President Biden’s expansive $2.25 trillion infrastructure plan is facing mounting pushback as critics say proposed expenditures on child and elder care just don’t qualify like road and bridge repairs–but two Northeastern professors who’ve studied the recent shecession disagree.
“Acknowledgement that child care is infrastructure is great to see and has really caught on over the past 12 months,” says Jamie J. Ladge, professor of management and organizational developments at Northeastern. The pandemic highlighted a need for quality, affordable child care, as homebound families suddenly faced the demands of work as well as the minute-to-minute needs of their kids, says Ladge.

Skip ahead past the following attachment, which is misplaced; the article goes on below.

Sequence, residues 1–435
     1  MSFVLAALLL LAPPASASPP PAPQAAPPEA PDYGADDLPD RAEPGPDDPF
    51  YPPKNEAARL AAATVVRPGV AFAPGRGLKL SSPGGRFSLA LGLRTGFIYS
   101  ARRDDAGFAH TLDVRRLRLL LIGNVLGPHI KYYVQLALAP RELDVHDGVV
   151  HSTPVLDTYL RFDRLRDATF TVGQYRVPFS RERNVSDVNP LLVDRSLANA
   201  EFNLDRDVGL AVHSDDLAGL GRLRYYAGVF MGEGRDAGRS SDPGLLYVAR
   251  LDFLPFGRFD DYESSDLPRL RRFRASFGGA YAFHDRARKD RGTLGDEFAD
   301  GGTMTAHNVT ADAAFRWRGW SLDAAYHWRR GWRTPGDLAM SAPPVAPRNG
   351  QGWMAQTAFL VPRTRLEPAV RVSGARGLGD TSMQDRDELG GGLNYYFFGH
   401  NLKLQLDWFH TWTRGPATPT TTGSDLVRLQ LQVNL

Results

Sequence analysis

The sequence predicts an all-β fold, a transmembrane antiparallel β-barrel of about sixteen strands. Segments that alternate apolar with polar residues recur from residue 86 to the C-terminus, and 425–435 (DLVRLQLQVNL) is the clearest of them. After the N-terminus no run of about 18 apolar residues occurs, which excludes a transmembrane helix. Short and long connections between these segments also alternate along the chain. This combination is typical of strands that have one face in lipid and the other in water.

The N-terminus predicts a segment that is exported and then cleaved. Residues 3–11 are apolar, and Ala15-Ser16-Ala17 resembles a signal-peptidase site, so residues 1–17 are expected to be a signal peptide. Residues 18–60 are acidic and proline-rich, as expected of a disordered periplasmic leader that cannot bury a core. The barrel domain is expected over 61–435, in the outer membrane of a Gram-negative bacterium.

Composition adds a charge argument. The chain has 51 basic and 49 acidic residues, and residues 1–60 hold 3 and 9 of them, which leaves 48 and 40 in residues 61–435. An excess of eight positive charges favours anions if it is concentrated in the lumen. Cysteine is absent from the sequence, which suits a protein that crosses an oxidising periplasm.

Nearly 2.4 million women left the workforce since last February as daycare centers shuttered, with many pointing to a lack of child care as the reason.
“Juggling child care and work just became more and more unsustainable. It’s not that these mothers were opting out of work so much as they were pushed out because they couldn’t afford to do both,” says Alicia Sasser Modestino, associate professor of public policy, urban affairs and economics at Northeastern.